l don't want to.
No, that's what he'd like - another Bajoran hiding in a corner.
He'll be laughing at me now.
He won't be laughing very long.
l hate him.
l hate his smirking, superior Cardassian face.
When l was fighting with the resistance
we'd lie awake at night plotting the assassination of men like Darhe'el.
Now l have to listen to him belittle everything the Shakaar stood for.
Perhaps you shouldn't discuss your personal history with a creature like that.
l didn't.
Then how did he know you were with the Shakaar?
l don't know... he was a military leader.
That doesn't explain it.
lf he'd been quelling Bajoran resistance
he might have had your name on file,
but he commanded a labour camp.
Something's not right here.
- Where are you going? - To have a chat with Gul Darhe'el.
Computer, review all off-station requests
for information regarding Major Kira Nerys within the last eight months.
Back to see the Butcher. Am l really so fascinating?
How did you know l was with the Shakaar?
By now your provisional government should have dragged me off in chains.
- Answer the question! - My, you are a strutting little egotist.
You forget the brilliance of Marritza's filing system.
He made sure that l had information on all your little terrorist bands.
What l particularly enjoyed were the termination reports.
Yes, life in a labour camp can be so isolating.
At times, l felt that l alone bore the burden of cleansing Bajor of its rabble.
But those reports reassured me, l was not alone.
l'm supposed to believe you remembered me
from some report you read years ago?
At the risk of bruising your vanity, Major,
l didn't remember you until l heard your name here.
- l can see that disturbs you. - Hardly.
You know they will be coming for me soon,
so before we say goodbye
there are some questions l'd like to ask you.
- Your questions don't interest me. - How can you be so sure?
Or are you afraid to hear them?
- Who are they? - Survivors of Gallitep.
They arrived early this morning.
- l suppose they are waiting for justice. - lmagine living through that hellhole.
The pain...the sorrow...
Do you think they like to gamble?
- Doctor, l need your help. - Of course.
Three months ago a request came from Kora II
for information concerning Kira Nerys.
- To what purpose? - l'm not sure.
But the name on the request was Aamin Marritza.
l've established a link with Kora ll for you to access his medical history.
Dax to Odo.
Gul Dukat is responding to your subspace transmission.
- Could you route it to my office? - Aye, sir.
l do miss working with you, Odo.
l miss our games of Kalevian montar.
As l recall, Gul Dukat, we played one game and you cheated.
The same old Odo,
like a blunt instrument.
But now to your question.
l regret l cannot give you access to any files pertaining to Gul Darhe'el.
But l assure you the files would only tell you what l am telling you.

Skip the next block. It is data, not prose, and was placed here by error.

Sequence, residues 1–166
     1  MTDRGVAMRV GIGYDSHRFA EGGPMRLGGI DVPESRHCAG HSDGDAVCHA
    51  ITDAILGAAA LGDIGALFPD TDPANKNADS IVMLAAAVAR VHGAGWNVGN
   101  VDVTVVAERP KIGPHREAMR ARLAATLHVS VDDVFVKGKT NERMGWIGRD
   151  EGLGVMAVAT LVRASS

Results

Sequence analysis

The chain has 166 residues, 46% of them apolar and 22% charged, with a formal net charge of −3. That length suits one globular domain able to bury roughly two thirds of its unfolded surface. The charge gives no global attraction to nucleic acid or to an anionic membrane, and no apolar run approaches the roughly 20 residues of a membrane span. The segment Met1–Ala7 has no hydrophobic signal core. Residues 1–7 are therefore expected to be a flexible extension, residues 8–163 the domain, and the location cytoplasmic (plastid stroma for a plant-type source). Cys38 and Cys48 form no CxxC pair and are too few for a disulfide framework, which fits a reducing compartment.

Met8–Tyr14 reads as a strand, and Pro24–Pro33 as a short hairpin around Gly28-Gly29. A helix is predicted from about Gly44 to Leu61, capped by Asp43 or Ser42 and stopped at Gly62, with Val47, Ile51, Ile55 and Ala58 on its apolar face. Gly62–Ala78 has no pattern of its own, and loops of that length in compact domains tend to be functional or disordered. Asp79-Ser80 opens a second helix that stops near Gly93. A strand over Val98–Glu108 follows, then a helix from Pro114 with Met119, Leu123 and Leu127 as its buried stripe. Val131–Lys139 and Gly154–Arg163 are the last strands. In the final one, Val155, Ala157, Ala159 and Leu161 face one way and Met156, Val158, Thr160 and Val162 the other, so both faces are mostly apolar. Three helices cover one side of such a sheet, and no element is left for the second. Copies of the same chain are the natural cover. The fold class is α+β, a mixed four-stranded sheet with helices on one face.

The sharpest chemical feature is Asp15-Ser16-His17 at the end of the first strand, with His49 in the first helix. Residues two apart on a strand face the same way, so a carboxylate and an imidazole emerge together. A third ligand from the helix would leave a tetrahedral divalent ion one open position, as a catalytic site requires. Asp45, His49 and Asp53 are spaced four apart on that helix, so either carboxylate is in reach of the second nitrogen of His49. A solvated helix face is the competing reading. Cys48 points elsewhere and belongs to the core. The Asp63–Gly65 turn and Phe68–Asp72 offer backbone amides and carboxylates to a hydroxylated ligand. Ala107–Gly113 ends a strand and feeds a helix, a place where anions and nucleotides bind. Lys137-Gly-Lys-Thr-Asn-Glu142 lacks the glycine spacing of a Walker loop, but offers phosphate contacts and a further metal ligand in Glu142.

Gul Darhe'el is dead.
- That's not possible. - l attended his funeral myself.
He's buried under one of the largest military monuments on Cardassia.
Then who are we holding here?
Some innocent Cardassian citizen,
as l explained to your Commander Sisko.
And we want him released.
That innocent citizen has admitted he is Gul Darhe'el.
What...are you saying?
He says his name is Gul Darhe'el.
- Then he's lying. - lf he is, it's a foolish lie.
lt will get him executed. Why would anyone do that?
l don't know, but l tell you l attended Darhe'el's funeral.
You're sure the man you saw buried was Gul Darhe'el?
Half of Cardassia viewed his body.
l saw a photograph of Gul Darhe'el taken at the Gallitep labour camp.
lt looks like the man we're holding.
- You're mistaken. - Am l?
This is obviously some plot to embarrass the Cardassian Empire.
lt's possible. Give me access to your files
and perhaps l can prove your claim that Gul Darhe'el is dead.
l suppose l could grant you limited access to the files.
l think that's wise.
l was 12 when l started fighting but some were even younger.
Yes, yes, let's get to the real issue!
How many Cardassians did you kill? l mean personally.
- l didn't keep count. - l think you did.
And l'm sure it wasn't just military personnel.
After all, the most effective terrorist weapon was random violence.
Don't leave now that it's getting good.
- How many civilians did you kill? - Look!
l regret a lot of what l had to do. We had no choice.
- We were fighting for survival. - We had an empire to protect.
We needed your resources.
Everything l did was for the glory of Cardassia!
And if you spineless scum had to be ground under, so much the better.
All that mattered was Cardassia. l loved my homeland.
That justified my actions and gave me strength.
Nothing justifies genocide.
What you call genocide, l call a day's work.
Major, could l have a word with you?
Dr Bashir and l have done some checking.
l don't know why yet, but the man in that cell wanted to be caught.
This certificate of death was in the file sent to me by Gul Dukat.
According to this, Gul Darhe'el died six years ago
from a massive coleibric haemorrhage.
Commander, that is a forged document.
l think it's clear the Cardassians are trying to trick us into letting him go.
- l wouldn't put it past Gul Dukat. - Nor would l, however...
The man in there confessed he is Gul Darhe'el.